A Zimbabwe legislator was arrested Tuesday, accused of infecting a state journalist with HIV-AIDS.

Legislator Siyabonga Malandu Ncube turned himself in Tuesday at the Bulawayo Central Police Station, accompanied by his lawyer, Mlweli Ndlovu.

Earlier, reports emerged in Zimbabwe media that a journalist working for the pro-Zanu-PF Chronicle newspaper in second city Bulawayo reported to police that she had been infected with HIV-AIDS by the legislator, a member of the small Movement for Democratic Change party lead by Welshman Ncube.

Under Zimbabwean law, prosecutors would have to prove that the legislator knew he had the disease, if indeed he does have it.

If convicted Siyabonga Ncube could face 20 years in jail.

Several lawyers in Zimbabwe said although the HIV-AIDS pandemic in Zimbabwe is mature, they could not recall any similar previous criminal case due to an allegedly infected person charging another with transmitting the virus.

Zimbabwe?s private health sector first recorded HIV-AIDS in late 1986 and, at the time, the former Zanu-PF government led by President Robert Mugabe blamed a white and Western conspiracy for the disease.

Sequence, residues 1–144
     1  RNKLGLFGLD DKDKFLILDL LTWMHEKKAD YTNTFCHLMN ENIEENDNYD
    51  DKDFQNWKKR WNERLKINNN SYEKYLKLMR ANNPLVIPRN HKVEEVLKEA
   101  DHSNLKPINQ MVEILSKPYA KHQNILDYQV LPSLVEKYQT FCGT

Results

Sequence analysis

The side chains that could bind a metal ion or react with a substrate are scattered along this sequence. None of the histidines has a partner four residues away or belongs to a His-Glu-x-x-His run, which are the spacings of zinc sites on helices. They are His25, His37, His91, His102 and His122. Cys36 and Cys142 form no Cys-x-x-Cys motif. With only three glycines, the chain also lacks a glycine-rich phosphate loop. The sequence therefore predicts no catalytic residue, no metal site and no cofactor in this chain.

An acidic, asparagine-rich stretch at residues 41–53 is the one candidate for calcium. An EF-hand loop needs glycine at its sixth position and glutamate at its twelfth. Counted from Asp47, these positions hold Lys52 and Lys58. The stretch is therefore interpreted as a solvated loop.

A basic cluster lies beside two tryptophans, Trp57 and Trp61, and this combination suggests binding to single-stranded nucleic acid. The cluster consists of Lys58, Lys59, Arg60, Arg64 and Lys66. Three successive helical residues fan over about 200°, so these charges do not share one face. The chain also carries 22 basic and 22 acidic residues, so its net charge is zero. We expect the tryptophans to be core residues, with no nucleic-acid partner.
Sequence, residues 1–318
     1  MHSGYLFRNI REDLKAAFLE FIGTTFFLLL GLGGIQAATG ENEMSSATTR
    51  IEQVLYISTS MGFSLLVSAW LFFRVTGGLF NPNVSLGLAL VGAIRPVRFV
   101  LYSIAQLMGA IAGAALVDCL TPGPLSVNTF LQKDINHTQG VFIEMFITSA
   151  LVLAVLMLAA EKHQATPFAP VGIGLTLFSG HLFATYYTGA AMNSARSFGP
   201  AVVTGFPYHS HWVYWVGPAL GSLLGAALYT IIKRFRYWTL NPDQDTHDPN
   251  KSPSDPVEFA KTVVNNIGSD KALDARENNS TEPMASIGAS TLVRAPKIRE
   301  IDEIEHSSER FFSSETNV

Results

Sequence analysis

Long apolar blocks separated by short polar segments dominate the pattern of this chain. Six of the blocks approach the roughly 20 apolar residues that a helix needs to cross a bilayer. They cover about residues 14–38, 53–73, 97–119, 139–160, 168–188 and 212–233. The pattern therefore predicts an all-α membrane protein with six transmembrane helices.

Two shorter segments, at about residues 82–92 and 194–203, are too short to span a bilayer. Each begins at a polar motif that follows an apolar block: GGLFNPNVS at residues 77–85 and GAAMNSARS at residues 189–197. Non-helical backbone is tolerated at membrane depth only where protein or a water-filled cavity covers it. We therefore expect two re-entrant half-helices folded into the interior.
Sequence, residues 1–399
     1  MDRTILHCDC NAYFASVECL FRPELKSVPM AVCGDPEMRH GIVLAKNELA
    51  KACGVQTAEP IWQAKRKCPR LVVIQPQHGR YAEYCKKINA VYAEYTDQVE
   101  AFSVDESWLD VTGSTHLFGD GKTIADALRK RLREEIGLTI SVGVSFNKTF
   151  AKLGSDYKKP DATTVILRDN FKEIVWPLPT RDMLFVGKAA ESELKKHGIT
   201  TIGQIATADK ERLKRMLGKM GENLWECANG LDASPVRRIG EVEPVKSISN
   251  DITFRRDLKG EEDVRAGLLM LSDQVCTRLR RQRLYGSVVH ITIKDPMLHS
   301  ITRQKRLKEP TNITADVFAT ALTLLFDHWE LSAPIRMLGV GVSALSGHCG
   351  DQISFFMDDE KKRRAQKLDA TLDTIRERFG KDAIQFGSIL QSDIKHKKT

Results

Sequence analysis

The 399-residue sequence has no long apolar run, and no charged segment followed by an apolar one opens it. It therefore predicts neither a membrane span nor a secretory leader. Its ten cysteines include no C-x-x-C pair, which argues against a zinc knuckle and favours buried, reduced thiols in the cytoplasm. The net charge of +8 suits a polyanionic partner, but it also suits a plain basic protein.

Many prominent Zimbabweans, including politicians, well-known musicians and famous sporting personalities, died from the complications from the virus in the early years.

The former Zanu-PF health ministry prevented production of a public health film about the causes of HIV-AIDS and how to prevent catching it. In those days the government harassed HIV-AIDS activists who tried to campaign for action from the health ministry. The private medical doctor who first noticed the virus in blood samples in Harare had to flee the country.

Eventually, the state media and public-health authorities launched educational campaigns about HIV-AIDS. Now donor organizations try to ensure those who need anti-retro-virals can get them for free.

The U.N. Program on HIV and Aids has revealed more than 168,000 Zimbabwean youths between the ages of 15 and 24 are living with the HIV-Aids virus.

In the past 10 years, with many donor-funded programs, Zimbabwe has been widely congratulated for a drop in its infection rate, from about 25 percent to about 15 percent among the sexually active population.

Of thefive million HIV-positive young people in the world, close to four million are in sub-Saharan Africa, according to UNAIDS.